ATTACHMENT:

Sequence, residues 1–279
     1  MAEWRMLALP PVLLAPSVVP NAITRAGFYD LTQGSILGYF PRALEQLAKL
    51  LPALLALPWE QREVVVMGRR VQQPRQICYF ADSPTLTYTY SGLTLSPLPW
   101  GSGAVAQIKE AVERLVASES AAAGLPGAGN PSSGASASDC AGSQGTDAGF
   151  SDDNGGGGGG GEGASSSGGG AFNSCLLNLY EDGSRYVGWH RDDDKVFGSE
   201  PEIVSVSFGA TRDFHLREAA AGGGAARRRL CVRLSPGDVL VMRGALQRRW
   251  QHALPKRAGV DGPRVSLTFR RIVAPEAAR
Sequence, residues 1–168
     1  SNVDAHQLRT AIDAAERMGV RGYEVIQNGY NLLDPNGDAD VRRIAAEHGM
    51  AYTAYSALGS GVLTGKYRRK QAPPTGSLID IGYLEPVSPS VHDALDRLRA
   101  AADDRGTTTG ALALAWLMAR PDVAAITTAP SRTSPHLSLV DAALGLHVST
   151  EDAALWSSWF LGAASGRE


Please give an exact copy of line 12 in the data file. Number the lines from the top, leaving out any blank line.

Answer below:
   151  EDAALWSSWF LGAASGRE